Papers

Phys. Rev. B paper published

Posted on March 4, 2019 at 9:10 AM

Ph.D. student Oshri’s paper (in collaboration with Rafael Advanced Defense Systems Ltd.) “Experimental demonstration and in-depth investigation of analytically designed anomalous reflection metagratings” was recently published in Physical Review B.

The paper verifies experimentally the analytical scheme we have previously developed for designing realistic (printed-circuit-board fabrication-ready) metagratings for perfect anomalous reflection. These metagratings feature only a single simple element (single degree of freedom) per period, yet couple 96% of the scattered power towards the desirable anomalous reflection mode. Multifunctionality and multichannel reflection features are observed, and important experimental aspects, such as the merits of the beam-integration technique for evaluating the coupling efficiency, as well as the origin of losses, are explored and discussed in detail.

https://doi.org/10.1103/PhysRevB.99.125101

EPJ-AM Paper Published

Posted on December 25, 2017 at 2:05 AM

Our recent paper “Negative index effects from a homogeneous positive index prism” was just published in EPJ-Applied Metamaterials.

The paper sheds light on experiments conducted to verify effective negative index of refraction in artificial metamaterials. The investigation shows that certain observations typically associated with negative index effects, but can actually arise from a homogeneousn positive index (natural) material, if deformed to the usual cerrated prism configuration applied in metamaterial experiments. Thus, experimental evidence for negative index effects should be carefully examined in order to unambiguously verify the metamaterial properties.

https://epjam.edp-open.org/articles/epjam/full_html/2017/01/epjam170010/epjam170010.html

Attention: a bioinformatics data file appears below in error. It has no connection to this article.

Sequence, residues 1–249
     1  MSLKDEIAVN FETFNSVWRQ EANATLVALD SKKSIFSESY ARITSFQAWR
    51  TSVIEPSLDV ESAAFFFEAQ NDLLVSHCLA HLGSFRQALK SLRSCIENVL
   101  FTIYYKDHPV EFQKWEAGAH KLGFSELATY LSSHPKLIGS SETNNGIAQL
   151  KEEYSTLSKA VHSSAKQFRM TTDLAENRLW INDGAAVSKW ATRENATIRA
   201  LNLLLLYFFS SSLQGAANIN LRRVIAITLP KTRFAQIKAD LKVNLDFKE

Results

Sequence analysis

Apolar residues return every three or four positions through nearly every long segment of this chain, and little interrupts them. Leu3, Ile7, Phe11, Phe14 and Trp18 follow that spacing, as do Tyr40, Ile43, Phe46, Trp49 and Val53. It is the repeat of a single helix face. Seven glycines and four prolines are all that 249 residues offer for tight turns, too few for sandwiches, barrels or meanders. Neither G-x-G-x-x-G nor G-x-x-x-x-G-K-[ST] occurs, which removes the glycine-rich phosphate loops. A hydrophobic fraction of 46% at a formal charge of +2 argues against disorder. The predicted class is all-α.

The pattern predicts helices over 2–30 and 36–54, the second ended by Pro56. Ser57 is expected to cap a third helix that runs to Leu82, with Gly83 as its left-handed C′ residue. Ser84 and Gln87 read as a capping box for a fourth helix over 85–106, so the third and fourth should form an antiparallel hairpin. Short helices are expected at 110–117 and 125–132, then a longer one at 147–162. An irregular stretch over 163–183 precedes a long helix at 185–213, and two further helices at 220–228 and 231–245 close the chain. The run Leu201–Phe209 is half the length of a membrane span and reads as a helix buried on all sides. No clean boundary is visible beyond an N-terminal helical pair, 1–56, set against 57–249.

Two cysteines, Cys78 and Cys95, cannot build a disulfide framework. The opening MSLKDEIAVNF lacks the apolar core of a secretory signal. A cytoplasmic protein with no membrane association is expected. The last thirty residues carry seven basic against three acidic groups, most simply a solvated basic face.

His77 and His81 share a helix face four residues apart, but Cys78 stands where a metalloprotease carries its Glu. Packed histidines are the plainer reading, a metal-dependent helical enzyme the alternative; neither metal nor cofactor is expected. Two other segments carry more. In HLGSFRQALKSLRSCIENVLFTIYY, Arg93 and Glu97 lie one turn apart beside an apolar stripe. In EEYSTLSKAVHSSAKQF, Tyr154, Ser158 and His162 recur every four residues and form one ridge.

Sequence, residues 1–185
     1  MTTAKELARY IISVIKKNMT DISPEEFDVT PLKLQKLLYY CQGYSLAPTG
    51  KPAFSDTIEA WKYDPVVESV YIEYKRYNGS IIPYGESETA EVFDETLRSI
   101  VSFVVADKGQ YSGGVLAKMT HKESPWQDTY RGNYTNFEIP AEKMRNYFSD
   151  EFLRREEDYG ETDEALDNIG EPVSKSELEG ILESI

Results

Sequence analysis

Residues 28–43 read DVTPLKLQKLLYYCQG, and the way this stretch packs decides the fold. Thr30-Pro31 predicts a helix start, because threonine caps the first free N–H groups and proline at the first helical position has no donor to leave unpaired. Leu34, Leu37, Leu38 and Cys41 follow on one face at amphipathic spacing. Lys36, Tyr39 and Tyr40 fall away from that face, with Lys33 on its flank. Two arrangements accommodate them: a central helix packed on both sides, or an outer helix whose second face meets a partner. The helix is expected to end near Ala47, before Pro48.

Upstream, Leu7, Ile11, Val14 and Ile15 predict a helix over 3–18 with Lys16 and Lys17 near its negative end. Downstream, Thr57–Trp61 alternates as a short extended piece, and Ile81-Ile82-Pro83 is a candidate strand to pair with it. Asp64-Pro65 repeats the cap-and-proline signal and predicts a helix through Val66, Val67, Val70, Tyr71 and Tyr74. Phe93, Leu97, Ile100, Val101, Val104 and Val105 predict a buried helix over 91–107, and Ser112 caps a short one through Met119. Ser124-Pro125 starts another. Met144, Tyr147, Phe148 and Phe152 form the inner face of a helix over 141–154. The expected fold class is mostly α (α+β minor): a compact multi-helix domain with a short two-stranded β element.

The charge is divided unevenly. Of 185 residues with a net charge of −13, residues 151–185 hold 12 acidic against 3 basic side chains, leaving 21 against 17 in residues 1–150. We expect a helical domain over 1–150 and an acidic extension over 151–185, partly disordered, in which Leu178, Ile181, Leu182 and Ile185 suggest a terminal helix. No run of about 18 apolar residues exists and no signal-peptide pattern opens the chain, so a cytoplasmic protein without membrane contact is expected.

PRApplied Editors’ Suggestion

Posted on November 24, 2017 at 1:45 AM

Our recent paper “Unveiling the Properties of Metagratings via a Detailed Analytical Model for Synthesis and Analysis” has just been published in Physical Review Applied, and was chosen as “Editors’ Suggestion”.

https://journals.aps.org/prapplied/abstract/10.1103/PhysRevApplied.8.054037

The paper explores the novel concept of metagratings, periodic arrays consisting of one or two subwavelength polarizable particles (meta-atoms) per period. Surprisingly, despite the utmost simplicity, these structures allow highly-efficient implementation of intricate beam-manipulating functionalities, such as perfect anomalous reflection. In our manuscript, we rigorously investigate metagratings based on capacitively loaded conduting wires for perfect wide-angle beam splitting, via a detailed analytical model. We show that based on this architecture, compatible with printed-circuit-board (PCB) manufacturing techniques, the synthesis can be completed almost completely analytically, prescribing the copper trace geometry required for reaching unitary coupling efficiencies.

Furthermore, the formulation allows analytical examination of the device susceptibility to conductor losses, fabrication imperfections, and frequency shifts. This examination reveals that metagratings feature distinct preferable working points, in which the sensitivity to these non-idealities is minor, directly realted to fundamental interference processes taking place within the device.

PRL paper published

Posted on December 19, 2016 at 9:45 AM

Our recent work, suggesting to harness auxiliary fields to facilitate advanced metasurface-based beam manipulations, was published inĀ Physical Review Letters. In this Letter, we show that certain basic diffraction engineering problems (e.g., beam splitting, engineered reflection) feature mode interference that does not allow local power conservation. The latter is required to generate passive lossless metasurface designs to implement the desirable functionalities. Thus, recent reports that examined these problems, marked them as significant challenges, and suggested approximated solutions or exotic ones.

In the manuscript, we propose a new paradigm to tackle these challenges. The key concept involves the utilization of evanescent modes to manipulate the flow of real power, in both lateral and longitudinal directions, assisting the establishment of local power conservation. Being evanescent, these auxiliary fields do not affect the device functionality in the far field, while guaranteeing a passive and lossless solution.

We demonstrate this concept for the problems of wide-angle beam splitting and perfect engineered reflections, showing that both functionalities can be implemented using standard, local, reciprocal, passive, and lossless omega-bianisotropic meta-atoms. Interestingly, the auxiliary fields are not bound to any specific form; although the designed metasurfaces are periodic, in certain cases the auxiliary fields are not Floquet-Bloch modes of the incident fields.